On Wednesday April 20, 2011, a number of silent figures peacefully entered Duveens Hall of the Tate where the exhibit Single Form: The Body in Sculpture from Rodin to Hepworth was on display; the exhibit is part of a series of “BP British Art Displays” staged throughout the Tate.

A nude member of the Liberate Tate group assumed a fetal position on the floor in the middle of the room, while veiled comrades dressed in black poured what appeared to be oil over him from containers emblazoned with BP logos (the substance was actually ground charcoal and sunflower oil).

The motionless naked man, slick with viscous black goo, looked as if he were trapped in the globs of crude oil dumped into the Gulf of Mexico by BP exactly one year ago. Eventually museum security directed  museum goers out of the room, placing a screen around the area to hide the action from public view. In due course the protestors left the museum and a clean-up crew dealt with the aftermath. To my knowledge there were no arrests. England’s Channel 4 also broadcast coverage of the event.

Sandra Paige, a participant in the intervention/performance, said the following about her group’s action; “It’s astonishing that Nick Serota and other Tate executives can be so blind to the horrific social and environmental impacts that BP is responsible for around the world. From the destruction of fisher folks’ livelihoods in the Gulf of Mexico, to the indigenous communities in Canada fearing for their very survival – the human cost of BP’s oil extraction is staggering.”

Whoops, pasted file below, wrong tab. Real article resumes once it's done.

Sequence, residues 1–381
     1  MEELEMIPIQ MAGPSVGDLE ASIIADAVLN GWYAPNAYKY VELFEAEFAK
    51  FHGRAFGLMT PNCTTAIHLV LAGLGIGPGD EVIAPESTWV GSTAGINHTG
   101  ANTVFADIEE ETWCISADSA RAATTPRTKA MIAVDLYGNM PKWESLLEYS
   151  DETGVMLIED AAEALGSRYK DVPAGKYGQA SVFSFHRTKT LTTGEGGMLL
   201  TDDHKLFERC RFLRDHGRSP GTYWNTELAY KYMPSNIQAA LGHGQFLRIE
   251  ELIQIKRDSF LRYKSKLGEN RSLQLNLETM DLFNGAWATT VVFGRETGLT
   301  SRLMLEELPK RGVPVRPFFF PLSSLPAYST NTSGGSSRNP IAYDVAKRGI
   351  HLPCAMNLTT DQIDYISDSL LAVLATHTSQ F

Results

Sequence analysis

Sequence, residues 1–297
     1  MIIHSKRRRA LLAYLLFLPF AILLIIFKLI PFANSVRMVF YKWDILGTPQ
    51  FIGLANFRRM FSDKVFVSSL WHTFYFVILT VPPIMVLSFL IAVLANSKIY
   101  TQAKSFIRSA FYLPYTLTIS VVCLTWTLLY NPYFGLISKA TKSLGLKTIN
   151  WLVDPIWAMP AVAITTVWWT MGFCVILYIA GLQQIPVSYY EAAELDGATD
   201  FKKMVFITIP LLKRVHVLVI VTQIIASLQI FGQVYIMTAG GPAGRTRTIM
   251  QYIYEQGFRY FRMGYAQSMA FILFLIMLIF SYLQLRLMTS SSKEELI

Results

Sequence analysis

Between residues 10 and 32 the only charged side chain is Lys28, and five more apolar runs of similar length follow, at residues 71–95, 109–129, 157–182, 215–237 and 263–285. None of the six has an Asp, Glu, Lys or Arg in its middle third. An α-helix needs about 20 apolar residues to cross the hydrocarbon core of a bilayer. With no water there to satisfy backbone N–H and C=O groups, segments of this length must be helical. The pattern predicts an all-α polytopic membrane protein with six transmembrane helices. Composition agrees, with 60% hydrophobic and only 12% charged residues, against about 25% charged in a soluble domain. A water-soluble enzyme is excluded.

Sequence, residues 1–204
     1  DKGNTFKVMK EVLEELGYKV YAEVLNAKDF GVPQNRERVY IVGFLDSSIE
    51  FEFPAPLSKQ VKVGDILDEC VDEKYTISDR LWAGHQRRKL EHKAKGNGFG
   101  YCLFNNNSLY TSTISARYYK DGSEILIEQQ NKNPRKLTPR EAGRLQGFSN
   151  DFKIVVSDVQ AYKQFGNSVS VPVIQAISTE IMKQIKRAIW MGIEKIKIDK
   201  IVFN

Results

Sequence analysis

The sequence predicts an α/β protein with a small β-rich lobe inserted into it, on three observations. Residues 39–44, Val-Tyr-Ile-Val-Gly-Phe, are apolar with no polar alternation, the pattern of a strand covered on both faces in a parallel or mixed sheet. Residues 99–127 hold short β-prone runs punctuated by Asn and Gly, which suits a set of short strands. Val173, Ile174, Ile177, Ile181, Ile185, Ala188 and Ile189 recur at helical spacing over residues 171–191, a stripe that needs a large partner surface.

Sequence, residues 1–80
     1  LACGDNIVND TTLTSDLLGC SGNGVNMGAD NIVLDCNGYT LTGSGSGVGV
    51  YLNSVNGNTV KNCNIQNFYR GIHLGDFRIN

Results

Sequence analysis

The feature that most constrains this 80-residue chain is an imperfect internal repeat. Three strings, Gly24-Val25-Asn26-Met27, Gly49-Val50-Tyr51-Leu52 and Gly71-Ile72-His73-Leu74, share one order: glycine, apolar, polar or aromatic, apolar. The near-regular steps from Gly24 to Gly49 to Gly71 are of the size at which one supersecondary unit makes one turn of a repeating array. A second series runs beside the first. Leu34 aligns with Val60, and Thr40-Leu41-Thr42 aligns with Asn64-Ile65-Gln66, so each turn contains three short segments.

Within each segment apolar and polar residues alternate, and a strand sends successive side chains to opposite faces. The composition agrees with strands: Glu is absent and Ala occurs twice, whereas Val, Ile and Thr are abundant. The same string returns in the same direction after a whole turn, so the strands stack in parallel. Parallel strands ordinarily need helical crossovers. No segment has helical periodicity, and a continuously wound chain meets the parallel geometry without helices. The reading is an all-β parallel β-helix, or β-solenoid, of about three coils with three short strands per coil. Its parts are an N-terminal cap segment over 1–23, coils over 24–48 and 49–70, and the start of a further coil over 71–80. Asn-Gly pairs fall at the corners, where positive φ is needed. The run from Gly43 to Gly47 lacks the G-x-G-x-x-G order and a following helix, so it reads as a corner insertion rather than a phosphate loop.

Terry Taylor of the Liberate Tate group said of the April 20 intervention; “Many important cultural institutions have been the victim of the government’s cuts in arts funding recently. The fact that many organizations will be actively looking for new funding means that the debate around the ethics of corporate sponsorship is more important than ever. Oil companies like BP are responsible for environmental and social controversy all over the world, and we can’t let their sponsorship of institutions like Tate detract from that fact.”

Flash mob "Sleep-In" protestors occupying the Tate Modern on Sunday, April 17, 2011. Screen-shot from the video shot by "You and I Films".

Flash mob "Sleep-In" protestors occupying the Tate Modern on April 17, 2011. Screen-shot from the video shot by "You and I Films".